So, one consequence of the recession is that your Association’s leadership was forced into almost year-round interaction with Management (and became literate in a world of legal matters) in a short period of time. For example, because employers were constantly trying to squeeze money out of employees’ paychecks, they often acted unilaterally, claiming that this was a “Management Right.” Union leaders needed to become educated about what decisions are negotiable (i.e., most decisions…) and which, truly, were within management’s control.
This meant that on a year-round basis, when city or district managements decided to implement changes in the workplace (furloughs, for example, or eliminated leave cash-outs, or replacing full-time jobs with part-time labor) your union leadership had to decide what to do about this. Should they negotiate? File at PERB? Or should they just look the other way? And what would be the ramifications for you, the members, if they chose one action over another? What if some members benefited from a decision while others suffered? What if everyone in the Association didn’t agree on a course of action? Difficult, difficult decisions….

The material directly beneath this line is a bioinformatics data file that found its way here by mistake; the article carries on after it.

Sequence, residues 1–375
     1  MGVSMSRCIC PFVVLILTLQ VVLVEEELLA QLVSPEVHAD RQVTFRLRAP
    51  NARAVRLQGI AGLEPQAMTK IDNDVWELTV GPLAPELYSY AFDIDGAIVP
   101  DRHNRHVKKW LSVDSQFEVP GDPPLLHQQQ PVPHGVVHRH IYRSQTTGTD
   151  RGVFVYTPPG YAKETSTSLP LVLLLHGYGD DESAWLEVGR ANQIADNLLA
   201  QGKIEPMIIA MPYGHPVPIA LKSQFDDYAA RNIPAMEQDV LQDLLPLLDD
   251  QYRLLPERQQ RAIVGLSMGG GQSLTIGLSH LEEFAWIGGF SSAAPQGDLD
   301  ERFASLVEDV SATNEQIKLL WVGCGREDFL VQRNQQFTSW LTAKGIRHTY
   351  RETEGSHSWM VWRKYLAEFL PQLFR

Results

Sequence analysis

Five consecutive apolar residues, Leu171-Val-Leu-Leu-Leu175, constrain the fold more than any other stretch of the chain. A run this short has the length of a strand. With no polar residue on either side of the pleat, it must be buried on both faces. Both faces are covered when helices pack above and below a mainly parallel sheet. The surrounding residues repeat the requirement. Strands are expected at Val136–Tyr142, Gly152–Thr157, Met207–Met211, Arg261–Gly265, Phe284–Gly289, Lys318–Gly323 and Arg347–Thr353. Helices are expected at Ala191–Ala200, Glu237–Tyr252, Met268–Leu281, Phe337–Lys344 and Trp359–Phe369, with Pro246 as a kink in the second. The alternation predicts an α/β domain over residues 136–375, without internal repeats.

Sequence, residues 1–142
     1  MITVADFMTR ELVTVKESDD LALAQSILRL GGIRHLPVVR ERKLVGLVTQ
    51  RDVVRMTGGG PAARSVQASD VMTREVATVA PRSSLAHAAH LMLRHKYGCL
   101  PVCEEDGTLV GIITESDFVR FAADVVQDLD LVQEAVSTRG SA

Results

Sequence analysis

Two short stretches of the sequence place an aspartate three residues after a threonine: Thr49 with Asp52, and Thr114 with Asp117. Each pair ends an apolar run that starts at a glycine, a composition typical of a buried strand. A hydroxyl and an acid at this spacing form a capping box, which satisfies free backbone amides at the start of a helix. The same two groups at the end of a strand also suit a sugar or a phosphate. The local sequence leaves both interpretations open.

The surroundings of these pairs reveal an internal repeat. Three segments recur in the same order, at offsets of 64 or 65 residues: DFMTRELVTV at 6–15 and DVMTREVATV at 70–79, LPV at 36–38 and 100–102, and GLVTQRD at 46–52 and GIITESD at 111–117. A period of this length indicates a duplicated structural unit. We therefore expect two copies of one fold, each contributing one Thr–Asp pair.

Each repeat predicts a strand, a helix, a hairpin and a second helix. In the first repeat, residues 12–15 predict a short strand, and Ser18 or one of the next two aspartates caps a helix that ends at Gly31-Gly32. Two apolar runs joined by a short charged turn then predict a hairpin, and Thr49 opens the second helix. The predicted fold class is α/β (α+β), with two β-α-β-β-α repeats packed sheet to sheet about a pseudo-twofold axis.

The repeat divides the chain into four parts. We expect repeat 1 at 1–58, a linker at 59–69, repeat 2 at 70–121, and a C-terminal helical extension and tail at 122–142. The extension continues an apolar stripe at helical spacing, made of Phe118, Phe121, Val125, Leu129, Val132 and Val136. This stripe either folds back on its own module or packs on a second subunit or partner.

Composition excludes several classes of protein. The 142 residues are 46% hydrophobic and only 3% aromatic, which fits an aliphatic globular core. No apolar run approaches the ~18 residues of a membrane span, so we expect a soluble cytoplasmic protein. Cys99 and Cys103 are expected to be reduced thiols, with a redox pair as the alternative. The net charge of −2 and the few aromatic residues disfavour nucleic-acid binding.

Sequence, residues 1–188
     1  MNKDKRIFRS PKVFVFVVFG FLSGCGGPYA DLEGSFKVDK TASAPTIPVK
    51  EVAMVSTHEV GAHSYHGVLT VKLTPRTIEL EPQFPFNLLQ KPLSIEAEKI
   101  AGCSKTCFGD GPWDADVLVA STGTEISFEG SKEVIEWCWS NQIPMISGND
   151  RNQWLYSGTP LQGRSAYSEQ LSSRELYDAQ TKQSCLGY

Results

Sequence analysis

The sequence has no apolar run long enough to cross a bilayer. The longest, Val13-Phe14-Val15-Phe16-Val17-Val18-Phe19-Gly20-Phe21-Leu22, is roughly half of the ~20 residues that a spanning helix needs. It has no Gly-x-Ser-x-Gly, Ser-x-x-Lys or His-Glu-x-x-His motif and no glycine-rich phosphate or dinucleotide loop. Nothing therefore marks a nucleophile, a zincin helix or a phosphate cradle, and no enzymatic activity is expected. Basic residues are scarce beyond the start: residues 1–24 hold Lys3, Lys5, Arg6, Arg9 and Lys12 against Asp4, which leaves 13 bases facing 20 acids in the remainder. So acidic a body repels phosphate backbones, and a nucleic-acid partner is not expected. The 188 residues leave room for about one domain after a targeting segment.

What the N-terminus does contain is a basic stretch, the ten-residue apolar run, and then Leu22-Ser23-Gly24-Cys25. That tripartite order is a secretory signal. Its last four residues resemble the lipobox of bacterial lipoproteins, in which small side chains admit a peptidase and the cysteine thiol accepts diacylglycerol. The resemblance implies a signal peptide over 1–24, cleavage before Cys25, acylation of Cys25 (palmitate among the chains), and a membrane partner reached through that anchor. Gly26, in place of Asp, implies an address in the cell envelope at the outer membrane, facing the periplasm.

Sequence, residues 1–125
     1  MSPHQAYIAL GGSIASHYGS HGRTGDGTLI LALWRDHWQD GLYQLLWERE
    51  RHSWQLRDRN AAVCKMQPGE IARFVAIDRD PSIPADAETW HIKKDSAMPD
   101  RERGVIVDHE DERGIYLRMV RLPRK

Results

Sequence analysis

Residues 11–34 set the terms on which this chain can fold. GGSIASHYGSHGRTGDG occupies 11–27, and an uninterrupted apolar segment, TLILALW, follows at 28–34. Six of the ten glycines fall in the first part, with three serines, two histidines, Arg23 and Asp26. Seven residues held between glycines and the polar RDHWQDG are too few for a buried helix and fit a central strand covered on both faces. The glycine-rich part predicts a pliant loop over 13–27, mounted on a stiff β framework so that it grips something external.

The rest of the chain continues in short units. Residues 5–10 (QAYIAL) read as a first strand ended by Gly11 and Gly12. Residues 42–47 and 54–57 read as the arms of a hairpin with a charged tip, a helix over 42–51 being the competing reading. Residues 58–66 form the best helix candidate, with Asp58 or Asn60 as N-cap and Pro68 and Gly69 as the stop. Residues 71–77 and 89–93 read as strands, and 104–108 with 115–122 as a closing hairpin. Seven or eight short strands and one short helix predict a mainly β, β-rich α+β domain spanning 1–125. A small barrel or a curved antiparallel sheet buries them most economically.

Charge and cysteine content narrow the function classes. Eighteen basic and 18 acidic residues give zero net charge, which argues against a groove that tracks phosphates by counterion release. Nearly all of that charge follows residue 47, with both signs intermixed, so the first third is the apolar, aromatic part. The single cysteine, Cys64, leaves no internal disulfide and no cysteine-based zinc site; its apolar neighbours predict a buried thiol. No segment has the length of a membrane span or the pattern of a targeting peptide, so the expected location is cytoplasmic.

Defending Your Contract
Your Association has the same ability to enforce its contract as any labor union. The first step normally involves a grievance, using the negotiated grievance procedure. If this doesn’t work, however, the Association may file a claim with PERB (the Public Employment Relations Board.)
PERB is a court-like system, with more than 50 years of precedent setting decisions about public employee rights. Whether your violation is a small one, involving only a few members, or a huge one involving your entire membership, PERB will ultimately order the City to comply with your Contract. We say “ultimately,” because the system is still backed up with the last few years’ claims. There is no charge for PERB’s services, but expect a year’s wait…
Defending Individual Members